Concerned Filipinos push for manual counting

By Don Tagala, ABS-CBN North America News Bureau

Posted at Apr 24 2010 04:22 PM | Updated as of Apr 25 2010 12:22 AM

NEW YORK – With the Philippine presidential polls only weeks away, election fever is running high in New York City. Filipino-American artists here joined the Power by Numbers Tour, a roadshow to raise awareness on the Philippine elections through rap and hip-hop music.

Ro Pili of the Deep Foundation Crew said: “Get out there and get your voices heard.”

Valerie Francisco, vice-chairman of the Gabriela-USA Mass Campaign said, “We don’t want corruption. We want a clean and honest election. We want true and genuine change for the Philippines.”

Meantime, Loida Nicolas Lewis of the National Federation of Filipino-American Associations is calling on the Commission on Elections (Comelec) to approve proposals for parallel manual counting of votes.

Lewis urged the Comelec to also recognize the validity of ballot audits to ensure that the people’s votes do not go to waste.

A clean and honest election is also the goal of Philippine poll watchdog, National Citizen’s Movement for Free Elections (Namfrel). The group has 80,000 volunteers all over the Philippines.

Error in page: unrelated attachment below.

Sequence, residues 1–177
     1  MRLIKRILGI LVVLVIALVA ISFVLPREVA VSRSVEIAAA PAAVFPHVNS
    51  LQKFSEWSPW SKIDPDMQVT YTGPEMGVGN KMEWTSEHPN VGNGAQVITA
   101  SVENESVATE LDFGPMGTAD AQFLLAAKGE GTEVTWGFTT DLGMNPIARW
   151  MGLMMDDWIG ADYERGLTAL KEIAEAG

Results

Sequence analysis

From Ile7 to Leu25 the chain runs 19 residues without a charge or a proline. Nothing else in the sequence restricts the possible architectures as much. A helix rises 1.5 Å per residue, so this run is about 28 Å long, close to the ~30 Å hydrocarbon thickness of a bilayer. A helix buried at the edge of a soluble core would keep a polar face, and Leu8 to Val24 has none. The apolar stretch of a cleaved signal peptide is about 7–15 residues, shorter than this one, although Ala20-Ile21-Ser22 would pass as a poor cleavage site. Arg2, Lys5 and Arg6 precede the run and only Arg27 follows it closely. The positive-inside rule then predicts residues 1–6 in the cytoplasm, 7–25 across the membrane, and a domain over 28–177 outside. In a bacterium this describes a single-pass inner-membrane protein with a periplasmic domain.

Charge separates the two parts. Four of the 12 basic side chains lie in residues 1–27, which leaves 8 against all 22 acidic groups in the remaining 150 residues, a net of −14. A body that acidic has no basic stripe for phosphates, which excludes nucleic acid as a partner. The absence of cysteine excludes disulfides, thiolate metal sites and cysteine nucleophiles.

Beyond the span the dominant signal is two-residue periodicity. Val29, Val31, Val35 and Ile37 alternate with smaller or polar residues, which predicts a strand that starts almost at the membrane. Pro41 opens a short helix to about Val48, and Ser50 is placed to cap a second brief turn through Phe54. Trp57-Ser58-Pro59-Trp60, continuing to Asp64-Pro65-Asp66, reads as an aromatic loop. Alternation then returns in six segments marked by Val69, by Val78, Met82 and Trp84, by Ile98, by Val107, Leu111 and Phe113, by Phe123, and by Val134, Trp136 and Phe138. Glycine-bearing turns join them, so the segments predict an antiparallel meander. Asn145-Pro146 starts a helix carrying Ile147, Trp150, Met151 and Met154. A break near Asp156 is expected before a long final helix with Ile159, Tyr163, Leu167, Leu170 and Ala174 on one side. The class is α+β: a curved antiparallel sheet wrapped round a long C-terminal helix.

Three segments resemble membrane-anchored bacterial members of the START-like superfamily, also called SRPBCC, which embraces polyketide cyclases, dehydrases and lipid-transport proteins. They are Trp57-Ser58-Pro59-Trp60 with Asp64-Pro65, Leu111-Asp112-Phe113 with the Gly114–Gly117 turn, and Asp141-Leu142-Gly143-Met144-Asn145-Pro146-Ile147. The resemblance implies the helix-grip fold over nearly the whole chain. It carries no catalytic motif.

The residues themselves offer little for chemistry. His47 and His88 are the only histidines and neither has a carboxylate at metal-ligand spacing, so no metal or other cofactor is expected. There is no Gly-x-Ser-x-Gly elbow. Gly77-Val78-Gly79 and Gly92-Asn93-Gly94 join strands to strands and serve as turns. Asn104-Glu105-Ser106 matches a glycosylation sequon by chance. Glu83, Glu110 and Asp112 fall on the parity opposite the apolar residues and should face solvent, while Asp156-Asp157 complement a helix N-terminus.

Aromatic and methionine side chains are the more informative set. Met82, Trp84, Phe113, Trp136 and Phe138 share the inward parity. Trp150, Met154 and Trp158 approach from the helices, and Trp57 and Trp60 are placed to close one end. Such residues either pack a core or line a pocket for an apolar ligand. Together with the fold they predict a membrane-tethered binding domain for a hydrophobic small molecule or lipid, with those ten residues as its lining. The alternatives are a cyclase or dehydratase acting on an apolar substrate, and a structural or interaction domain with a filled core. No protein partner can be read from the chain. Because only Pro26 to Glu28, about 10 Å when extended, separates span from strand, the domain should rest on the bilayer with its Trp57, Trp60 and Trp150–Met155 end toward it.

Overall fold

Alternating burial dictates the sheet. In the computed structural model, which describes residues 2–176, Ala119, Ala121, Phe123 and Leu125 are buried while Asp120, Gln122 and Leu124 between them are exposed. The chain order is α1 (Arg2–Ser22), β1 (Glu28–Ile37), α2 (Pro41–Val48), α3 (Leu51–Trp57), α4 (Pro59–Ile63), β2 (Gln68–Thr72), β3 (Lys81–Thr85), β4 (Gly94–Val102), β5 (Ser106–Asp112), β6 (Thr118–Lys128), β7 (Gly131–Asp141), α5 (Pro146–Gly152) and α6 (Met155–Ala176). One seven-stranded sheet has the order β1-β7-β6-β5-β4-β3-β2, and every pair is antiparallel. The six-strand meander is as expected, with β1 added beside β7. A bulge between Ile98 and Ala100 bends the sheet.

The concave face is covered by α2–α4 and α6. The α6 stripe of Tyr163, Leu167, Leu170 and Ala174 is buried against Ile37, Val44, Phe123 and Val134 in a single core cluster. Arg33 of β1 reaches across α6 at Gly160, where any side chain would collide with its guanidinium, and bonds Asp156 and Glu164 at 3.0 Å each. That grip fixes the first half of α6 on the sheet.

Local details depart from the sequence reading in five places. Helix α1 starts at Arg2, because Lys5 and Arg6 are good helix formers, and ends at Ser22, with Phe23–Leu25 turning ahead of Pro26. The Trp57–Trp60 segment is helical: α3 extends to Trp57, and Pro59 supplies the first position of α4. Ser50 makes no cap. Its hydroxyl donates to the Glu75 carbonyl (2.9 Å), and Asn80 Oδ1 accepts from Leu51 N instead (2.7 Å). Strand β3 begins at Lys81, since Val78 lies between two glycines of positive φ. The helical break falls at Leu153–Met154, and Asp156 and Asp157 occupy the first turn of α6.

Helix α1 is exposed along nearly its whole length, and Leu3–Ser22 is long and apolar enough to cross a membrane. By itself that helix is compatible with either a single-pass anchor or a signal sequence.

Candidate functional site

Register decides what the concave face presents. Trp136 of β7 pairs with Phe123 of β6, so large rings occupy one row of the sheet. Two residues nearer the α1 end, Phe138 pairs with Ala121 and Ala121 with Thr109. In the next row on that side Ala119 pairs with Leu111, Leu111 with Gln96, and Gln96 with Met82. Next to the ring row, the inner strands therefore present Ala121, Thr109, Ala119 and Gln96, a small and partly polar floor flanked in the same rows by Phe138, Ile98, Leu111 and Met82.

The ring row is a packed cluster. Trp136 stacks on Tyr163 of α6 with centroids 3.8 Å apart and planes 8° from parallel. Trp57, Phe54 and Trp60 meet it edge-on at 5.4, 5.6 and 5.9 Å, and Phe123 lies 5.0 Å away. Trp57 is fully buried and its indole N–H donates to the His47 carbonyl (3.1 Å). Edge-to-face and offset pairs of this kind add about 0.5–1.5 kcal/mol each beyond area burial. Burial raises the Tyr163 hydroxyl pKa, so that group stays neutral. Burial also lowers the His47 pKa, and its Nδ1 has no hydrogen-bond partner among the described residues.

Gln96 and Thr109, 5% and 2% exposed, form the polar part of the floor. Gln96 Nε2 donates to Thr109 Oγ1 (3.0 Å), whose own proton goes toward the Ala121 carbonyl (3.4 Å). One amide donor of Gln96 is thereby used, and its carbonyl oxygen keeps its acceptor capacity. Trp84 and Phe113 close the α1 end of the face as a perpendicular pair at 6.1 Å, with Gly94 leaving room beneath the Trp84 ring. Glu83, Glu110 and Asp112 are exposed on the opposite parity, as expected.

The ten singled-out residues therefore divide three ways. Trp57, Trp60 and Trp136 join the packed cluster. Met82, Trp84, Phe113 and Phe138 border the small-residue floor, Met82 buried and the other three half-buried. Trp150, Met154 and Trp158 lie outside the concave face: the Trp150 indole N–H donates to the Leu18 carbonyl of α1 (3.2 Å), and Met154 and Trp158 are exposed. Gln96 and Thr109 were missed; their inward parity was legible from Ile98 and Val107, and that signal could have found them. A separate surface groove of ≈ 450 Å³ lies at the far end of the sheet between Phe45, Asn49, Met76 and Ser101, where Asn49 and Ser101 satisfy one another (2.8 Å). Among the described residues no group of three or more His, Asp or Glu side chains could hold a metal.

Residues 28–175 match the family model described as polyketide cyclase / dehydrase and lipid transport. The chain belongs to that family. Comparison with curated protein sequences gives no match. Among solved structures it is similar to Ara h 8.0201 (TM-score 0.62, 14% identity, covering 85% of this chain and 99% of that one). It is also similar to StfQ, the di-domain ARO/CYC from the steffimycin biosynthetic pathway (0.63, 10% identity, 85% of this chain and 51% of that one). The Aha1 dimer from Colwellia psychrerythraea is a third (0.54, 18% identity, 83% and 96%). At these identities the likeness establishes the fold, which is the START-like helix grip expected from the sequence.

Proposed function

In her recent visit to New York, Namfrel official Evelyn Singson said many Filipinos are worried about the country’s first ever national automated polls.

Namfrel has suggested more random manual counting of votes in election hot spots.

“We will count the ballots that are in the voting machine and then compare the results of the ballot count manual with the election results.  If these tally, then we have no problem," Singson said.

She added that even if the Comelec agrees to more manual vote counts, this additional safeguard is useless if the poll body will not honor the results.

“That’s precisely why you’re doing an audit job, to be confident that the results transmitted are accurate and reflective of the will of the people,” Singson said.

Meantime, the Makati Business Club and the Management Association of the Philippines said all votes for 3 key positions — president, vice-president and mayor have to be counted manually.

Singson said it will only take three hours to do so. She maintains, “If the count for president, vice-president and mayor are accurate, then the people will accept even the counts for councilors and congressmen.”

With elections coming so soon, Singson says these safeguards can still be implemented, if the Comelec allows them.

She said Namfrel would rather spend a few hours more counting the votes manually, just to make sure the May 10 elections come out with credible results. Balitang America